Why emerging markets need startup accelerators to produce gold

While I was living in Silicon Valley for a couple of months earlier this year, I had the opportunity to see how a number of the startup accelerators over there function, and also to speak to a number of tech entrepreneurs that passed through their programmes.

The formal definition of an accelerator is a “programme designed to assist startup businesses with financial and/or operational resources that will increase their chance of growth and success”.

After seeing them for myself, my definition is slightly different. I would suggest that: “Accelerators are schools for entrepreneurs, primarily tech entrepreneurs, where you can do your real life learning in a fraction of the time that it would take you to do it on your own.”

Y Combinator is probably the most well known of the accelerator schools, but it actually lies second on a set of 2011 rankings of US startup accelerators, compiled by Aziz Gilani from DFJ Mercury in partnership with IT site Tech Cocktail.

TechStars Boulder is currently rated number one, and other TechStar’s programmes in Boston and Seattle are rated fifth and seventh respectively. Other accelerators in the top 10 include Excelerate Labs, LaunchBox Digital, KickLabs, Tech Wildcatters, DreamIt Ventures, and The Brandery.

They all function slightly differently, with some charging entrepreneurs, and some actually paying entrepreneurs, but there are common threads throughout all the programmes.

1. They all accept a very small number of entrepreneurs — if you get into one of their programmes, you have won the first battle.

2. School only lasts for a few months, and the time is spent grilling you on your business model, how to gain traction, generate revenue, scale your business, and pitch to investors.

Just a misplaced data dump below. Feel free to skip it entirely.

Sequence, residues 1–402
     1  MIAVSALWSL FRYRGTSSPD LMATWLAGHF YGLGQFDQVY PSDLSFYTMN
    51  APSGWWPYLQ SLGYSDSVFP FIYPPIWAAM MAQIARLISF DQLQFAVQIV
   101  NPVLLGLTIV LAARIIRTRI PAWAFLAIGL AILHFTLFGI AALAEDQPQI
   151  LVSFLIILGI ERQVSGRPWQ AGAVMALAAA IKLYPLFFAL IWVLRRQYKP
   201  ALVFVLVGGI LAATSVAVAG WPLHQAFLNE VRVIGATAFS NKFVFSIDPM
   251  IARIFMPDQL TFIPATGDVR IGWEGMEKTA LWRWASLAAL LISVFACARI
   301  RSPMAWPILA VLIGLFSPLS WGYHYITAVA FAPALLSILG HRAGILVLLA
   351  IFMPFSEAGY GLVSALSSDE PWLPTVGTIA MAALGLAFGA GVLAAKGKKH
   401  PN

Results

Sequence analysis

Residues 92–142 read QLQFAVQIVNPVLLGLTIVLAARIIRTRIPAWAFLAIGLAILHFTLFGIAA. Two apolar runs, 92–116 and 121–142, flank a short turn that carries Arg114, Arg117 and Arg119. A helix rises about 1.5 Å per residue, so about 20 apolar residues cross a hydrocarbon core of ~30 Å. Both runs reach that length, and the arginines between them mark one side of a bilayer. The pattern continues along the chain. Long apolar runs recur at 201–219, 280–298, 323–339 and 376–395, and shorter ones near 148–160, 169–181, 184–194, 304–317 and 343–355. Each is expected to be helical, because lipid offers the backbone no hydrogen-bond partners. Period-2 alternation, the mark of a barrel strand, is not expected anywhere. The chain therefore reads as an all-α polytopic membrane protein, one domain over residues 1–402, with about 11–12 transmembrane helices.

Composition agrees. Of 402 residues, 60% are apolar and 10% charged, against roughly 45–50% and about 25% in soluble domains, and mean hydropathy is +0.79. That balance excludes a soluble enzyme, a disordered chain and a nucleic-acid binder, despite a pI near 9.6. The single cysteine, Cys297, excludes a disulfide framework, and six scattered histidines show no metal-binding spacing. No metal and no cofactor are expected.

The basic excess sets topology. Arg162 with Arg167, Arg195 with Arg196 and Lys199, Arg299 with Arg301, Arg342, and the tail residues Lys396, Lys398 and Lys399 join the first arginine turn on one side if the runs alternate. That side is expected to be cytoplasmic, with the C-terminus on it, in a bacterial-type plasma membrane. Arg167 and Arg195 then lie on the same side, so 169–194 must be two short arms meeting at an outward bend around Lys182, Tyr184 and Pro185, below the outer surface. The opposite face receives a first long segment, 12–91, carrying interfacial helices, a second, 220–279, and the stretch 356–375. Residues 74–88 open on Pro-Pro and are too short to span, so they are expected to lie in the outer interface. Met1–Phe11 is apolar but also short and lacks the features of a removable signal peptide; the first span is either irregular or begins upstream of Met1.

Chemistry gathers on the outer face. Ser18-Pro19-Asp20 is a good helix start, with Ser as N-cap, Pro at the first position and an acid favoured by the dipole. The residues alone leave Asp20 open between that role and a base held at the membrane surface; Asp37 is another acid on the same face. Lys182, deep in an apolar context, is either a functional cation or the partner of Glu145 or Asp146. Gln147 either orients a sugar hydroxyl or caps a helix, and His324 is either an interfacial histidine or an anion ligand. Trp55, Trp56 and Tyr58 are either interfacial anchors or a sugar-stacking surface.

3. They have amazing mentors, usually entrepreneurs who have already been through the process themselves.

4. They have amazing networks of everyone you need to be liaising with from the top tech lawyers to the best tech bankers to the must used hosting providers.

5. They all culminate in a live pitch, often called “Demo Day”, in front of a large room or hall packed with potential investors, and after your intensive schooling, the success rate of finding your next round of funding, is incredibly high.

Why do they run these programmes? Simple — they all take a percentage of your company, ranging from three to six percent. So these accelerators are all becoming owners of portfolios of highly successful tech companies.

Wouldn’t it be amazing if we had extensive programmes like these in emerging markets like South Africa?

“What are you talking about?”, I can already hear you saying. Google’s Umbono programme launched in South Africa a few months ago.

Now don’t get me wrong, I think it’s fantastic that Umbono launched, and it’s a step in the right direction, but more is needed.

The IT industries in emerging markets need entrepreneurs to be schooled in the art of creating, launching and scaling a great tech concept, becoming skilled at pitching, and being mentored by dozens of tech entrepreneurs (who in the last few years achieved what this new breed of entrepreneurs are hoping to achieve). These super entrepreneurs then need to be introduced to the right angel investors & Venture Capitalists to fund their ventures.

I see these accelerators (and actually much of Silicon Valley) as functioning like a well-oiled machine. They’ve learned the art of turning entrepreneurs with ideas, passion and the readiness to work hard, into gold.

We’ve got entrepreneurs with ideas (I should know: I wrote an article years ago on angel investing which got ranked on Google, and I still get sent a dozen pitches a week!), passion, and the willingness to work hard.

The emerging market machine needs to gather momentum, and then we can look forward to the tech startup scene in markets like South Africa creating gold.

Image: digitalmoneyworld



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